BY MIKE LUCAS

Senior Writer UWBadgers.com

MADISON, Wis. – Towards the end of the two-hour practice, they clashed. Pass rusher versus pass blocker. Nick Herbig versus. jack nelson. Keeanu Benton versus. Joe Tipman. And so on – along the line of scrimmage. They had learned the same techniques and fundamentals at the start of the workday.

Now they were fighting through fatigue.

“I was definitely tired,” admitted Tippmann. “But you have to play through it.

“You never know when you’re going to have a game like Illinois last year.”

In this context, the individual exercise reproduced what was needed to get through a fourth trimester. Or a long drive. Tippmann recalled that it was pretty warm last October in Illinois — the temperature was in the mid to high 80s — and the Badgers had three sets of 18 plays/67 yards, 14/79 and 13/75.

“Coach Bo is working hard on us throughout practice,” Tippmann said of the offensive line coach. Bob Bostad, who took over the position group after spending the last five seasons with inside linebackers. “He sets us up for when we’re in a game scenario, we’ll actually be less tired.

“I think he is doing a tremendous job preparing us for this.”

Whether at the start or the end of practice, Bostad didn’t place much importance on timing. Or when a certain exercise was conducted and how it was performed by individuals. “It’s great,” admitted Bostad, “when you get to the end of the day and the guys feel it and they have to step up.”

That Tippmann often faces Benton is an advantage for both players. And their respective units. Last year, Benton was named to the All-Big Ten second team (coaches) while Tippmann received honorable mention (coaches and media). Both are Al-American candidates in 2022.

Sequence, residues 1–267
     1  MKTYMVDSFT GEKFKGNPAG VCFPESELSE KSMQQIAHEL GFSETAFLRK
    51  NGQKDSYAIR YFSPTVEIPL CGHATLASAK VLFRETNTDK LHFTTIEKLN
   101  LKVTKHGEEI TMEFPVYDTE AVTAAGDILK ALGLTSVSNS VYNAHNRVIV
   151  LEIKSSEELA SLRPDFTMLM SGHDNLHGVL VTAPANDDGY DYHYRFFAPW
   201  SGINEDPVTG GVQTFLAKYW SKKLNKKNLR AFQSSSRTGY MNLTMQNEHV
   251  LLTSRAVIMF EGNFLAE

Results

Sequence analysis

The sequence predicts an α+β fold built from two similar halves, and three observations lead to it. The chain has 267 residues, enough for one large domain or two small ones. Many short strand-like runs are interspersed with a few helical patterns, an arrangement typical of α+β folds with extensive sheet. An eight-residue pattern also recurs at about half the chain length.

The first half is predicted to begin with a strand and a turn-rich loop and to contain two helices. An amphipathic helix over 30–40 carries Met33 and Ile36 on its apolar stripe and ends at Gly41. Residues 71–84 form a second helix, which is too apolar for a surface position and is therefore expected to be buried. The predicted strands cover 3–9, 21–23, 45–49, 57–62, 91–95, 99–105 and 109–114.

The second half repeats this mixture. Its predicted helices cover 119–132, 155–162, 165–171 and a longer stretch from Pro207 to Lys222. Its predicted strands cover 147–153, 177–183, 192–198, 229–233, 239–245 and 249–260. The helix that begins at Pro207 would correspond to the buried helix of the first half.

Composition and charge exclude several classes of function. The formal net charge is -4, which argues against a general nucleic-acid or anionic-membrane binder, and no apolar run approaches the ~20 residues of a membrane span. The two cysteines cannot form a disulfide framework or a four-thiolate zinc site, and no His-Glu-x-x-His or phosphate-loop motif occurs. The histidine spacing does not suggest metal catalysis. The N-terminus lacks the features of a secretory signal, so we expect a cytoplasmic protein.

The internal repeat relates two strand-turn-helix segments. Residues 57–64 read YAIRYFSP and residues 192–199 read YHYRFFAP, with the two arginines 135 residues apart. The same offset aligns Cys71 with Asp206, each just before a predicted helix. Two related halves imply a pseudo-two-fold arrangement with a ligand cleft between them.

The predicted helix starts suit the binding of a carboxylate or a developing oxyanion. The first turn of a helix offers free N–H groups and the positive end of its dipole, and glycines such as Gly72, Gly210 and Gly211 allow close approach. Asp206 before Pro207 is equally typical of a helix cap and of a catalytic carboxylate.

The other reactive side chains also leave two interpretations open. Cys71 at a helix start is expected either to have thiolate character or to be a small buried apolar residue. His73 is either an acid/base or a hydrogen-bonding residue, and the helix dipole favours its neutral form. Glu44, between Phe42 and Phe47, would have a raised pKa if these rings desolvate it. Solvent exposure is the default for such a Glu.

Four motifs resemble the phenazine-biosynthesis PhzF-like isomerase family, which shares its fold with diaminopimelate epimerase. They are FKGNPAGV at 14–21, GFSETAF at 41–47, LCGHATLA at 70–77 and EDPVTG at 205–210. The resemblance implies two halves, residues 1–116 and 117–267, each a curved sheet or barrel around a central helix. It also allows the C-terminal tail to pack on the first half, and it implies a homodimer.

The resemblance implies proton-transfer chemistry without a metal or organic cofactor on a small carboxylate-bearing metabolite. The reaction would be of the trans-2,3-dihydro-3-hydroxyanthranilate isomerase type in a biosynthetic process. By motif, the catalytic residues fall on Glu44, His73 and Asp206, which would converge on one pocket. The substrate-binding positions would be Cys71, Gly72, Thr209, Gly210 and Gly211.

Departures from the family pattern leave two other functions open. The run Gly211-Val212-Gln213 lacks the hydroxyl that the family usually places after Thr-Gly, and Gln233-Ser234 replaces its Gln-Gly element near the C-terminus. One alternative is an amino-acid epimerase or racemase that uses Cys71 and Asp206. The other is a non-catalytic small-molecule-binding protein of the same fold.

“Any representative against Keeanu Benton is good for us,” Bostad said. “Good for everyone.

Totally agree, Tippmann said: “We talk about it every day. He always makes me work harder. Even last season there wasn’t a tackle in the Big Ten that I faced against. who was better than Keeanu. It’s great to know that I get this great job every day.”

Tippmann recently received additional national recognition on Bruce Feldman’s annual list of college football “Freaks” in The Athletic, a ranking list touting athletes’ physical oddity from one to 100. The group of selection includes players, coaches, NFL scouts, school contacts. .

The Badgers had two players in the Top 30. At No. 18, the tailback Braelon Allen (406 power-clean, 610 back squat, 365 bench, 1.49 10-yard split); at No. 28, Tippmann (635 back squat, 455 bench, 1.65 split for 10 yards “that would have been faster than any O lineman in the NFL combine this year”).

The UW defensive tackle was also ranked Isaiah Mullens at No. 53 (375 power-clean, 741 back-squat, 435 bench, 4.32 agility, 30.5 vertical inches) and punter Andy Vujnovich at No. 80 (“faster pro agility time than most top defensive backs”). Vujnovich was a “Repeat Freak”. He was No. 87 in 2021.

Tippmann has reached PR in every lift this summer. He exceeded his best on the bench by 25. How does that translate on the pitch? “It definitely brings more confidence,” he said. “Especially knowing that I’m the guy with the strongest bench on the team and I should be able to move that guy (lineman D).”